Basically, Pio Forgione was a man of utter simplicity, completely obedient to his very particular calling. His “faults” were those of his peasant background: a bit gruff at times, (but in voice, not in glance); a bit ironic; but with an enchanting smile and a saving sense of humor. Sheer humanness, in fact, was one of the most appealing traits of this profound mystic.
Father Pio, despite his perennially frail constitution, lived to be 81. When he died on September 23, 1968, there were 100,000 mourners at his funeral. His devotees have increased remarkably ever since. Six to seven millions of pilgrims come to Monte Rotondo yearly. That’s far more than to Assisi, and even more than to Lourdes. The hospital he built for the poor continues its charitable work. The prayer groups he established around the world continue to multiply.
Padre Pio was accepted as a saint even before his death. When another year had passed and no public announcement had been made of a movement for his canonization, the press began to ask if the Church had once again turned against him. This was not at all the case. Church law at that time ruled that no cause for canonization could be opened until three decades after the candidate’s death. The rule was often waived, however. It is significant that his procedure was initiated as early as 1969.
At the same time, no shortcuts were allowed in the investigation, especially because of the controversial aspects of Pio’s life. The process of beatification/canonization for a non-martyr focuses on his or her practice of the Christian virtues to a heroic degree. Such phenomena as stigmata are not entered into in depth. Super natural gifts of this sort do not sanctify the recipient but help him to sanctify others. Between 1969 and 1991 the Vatican Congregation on the Causes of Saints collected and analyzed 106 volumes of relevant documents, which presumably eliminated any lingering doubts About the Capuchin’s real holiness. The Pope proclaimed his heroic virtue by a decree of December 18, 1991, which accorded him the title “venerable”. The miracle required for beatification was accepted as verified on December 21,1998.
The Holy See knew that the beatification of Padre Pio would be a major church event, and planned accordingly. St. Peter’s Square in Rome can accommodate, at best, 200,000 congregants. Provision was therefore also made in the square before St. John Lateran Basilica, Rome’s official cathedral church across the City, for 100,000 more, and huge TV screens were set up so that they could view the whole ceremony. (After the Mass at St. Peter’s, Pope John Paul II would fly to St. John Lateran’s by helicopter and give this second audience a special blessing!) It is likely that attendance that day set an all-time Roman record. While Italians doubtless predominated among the participants, the Padre Pio prayer groups were represented by many delegations from as far away as Japan, Korea and Indonesia.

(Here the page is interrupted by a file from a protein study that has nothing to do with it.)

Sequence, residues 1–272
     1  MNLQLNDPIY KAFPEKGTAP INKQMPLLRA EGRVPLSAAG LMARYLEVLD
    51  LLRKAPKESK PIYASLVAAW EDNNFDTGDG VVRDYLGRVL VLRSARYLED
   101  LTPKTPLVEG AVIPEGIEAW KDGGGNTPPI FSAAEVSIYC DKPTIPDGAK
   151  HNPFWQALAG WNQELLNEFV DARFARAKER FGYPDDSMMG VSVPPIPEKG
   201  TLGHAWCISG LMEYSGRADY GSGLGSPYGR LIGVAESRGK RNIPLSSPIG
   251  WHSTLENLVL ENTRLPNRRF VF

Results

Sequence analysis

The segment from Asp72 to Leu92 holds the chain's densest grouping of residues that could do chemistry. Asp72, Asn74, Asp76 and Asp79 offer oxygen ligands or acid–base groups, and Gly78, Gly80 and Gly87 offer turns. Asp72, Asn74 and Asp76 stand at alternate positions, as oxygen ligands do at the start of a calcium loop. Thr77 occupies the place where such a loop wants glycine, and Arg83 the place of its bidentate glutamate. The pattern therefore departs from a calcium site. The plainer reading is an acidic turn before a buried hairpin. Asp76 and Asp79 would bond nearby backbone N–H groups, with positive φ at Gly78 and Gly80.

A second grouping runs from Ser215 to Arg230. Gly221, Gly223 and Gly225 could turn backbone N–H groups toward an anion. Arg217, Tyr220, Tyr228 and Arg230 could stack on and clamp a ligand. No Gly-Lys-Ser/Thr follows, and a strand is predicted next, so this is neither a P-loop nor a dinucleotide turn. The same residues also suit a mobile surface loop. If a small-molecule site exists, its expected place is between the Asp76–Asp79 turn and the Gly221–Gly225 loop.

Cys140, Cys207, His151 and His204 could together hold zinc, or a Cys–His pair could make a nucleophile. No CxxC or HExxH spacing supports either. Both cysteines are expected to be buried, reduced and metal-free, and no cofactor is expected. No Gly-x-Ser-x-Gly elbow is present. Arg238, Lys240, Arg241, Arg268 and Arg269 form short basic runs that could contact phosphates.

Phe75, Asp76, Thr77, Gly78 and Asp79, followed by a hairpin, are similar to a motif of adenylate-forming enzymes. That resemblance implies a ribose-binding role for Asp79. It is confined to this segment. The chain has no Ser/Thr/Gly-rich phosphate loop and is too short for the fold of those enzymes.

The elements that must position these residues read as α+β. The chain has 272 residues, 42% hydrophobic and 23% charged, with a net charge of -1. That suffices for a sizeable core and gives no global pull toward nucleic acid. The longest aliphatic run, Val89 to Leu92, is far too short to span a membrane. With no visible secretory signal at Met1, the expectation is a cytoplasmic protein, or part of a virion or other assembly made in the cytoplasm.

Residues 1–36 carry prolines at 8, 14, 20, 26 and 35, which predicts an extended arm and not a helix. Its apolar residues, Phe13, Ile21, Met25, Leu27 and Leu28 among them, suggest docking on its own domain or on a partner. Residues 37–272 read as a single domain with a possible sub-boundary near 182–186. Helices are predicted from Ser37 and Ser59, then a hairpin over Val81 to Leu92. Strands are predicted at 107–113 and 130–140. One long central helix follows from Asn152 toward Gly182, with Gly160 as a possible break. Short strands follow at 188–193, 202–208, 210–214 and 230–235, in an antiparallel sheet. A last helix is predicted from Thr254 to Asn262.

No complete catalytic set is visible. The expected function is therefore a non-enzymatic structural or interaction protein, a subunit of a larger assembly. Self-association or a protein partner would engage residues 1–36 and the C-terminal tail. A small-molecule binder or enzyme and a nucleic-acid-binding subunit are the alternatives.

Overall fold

In his homily, the Pope, a personal friend of the new Beatus, did not hesitate to mention the long-term harassment he had suffered. The important thing, said the Holy Father, was that he had accepted that trial constructively in the spirit of obedience. What the episode demonstrated, said the Pope, was that saints can be “misunderstood” even by their own superiors. The impact of BI. Pio of Pietrelcina, he was sure, would be great: “By his life wholly given to prayer and to listening to his brothers and sisters, this humble Capuchin friar astonished the world.”
Padre Pio was canonized on June 16, 2002. His name was solemnly added to the litany of those holy persons whose many virtues mirror the perfections of the Holy Trinity itself.
-Father Robert F. McNamara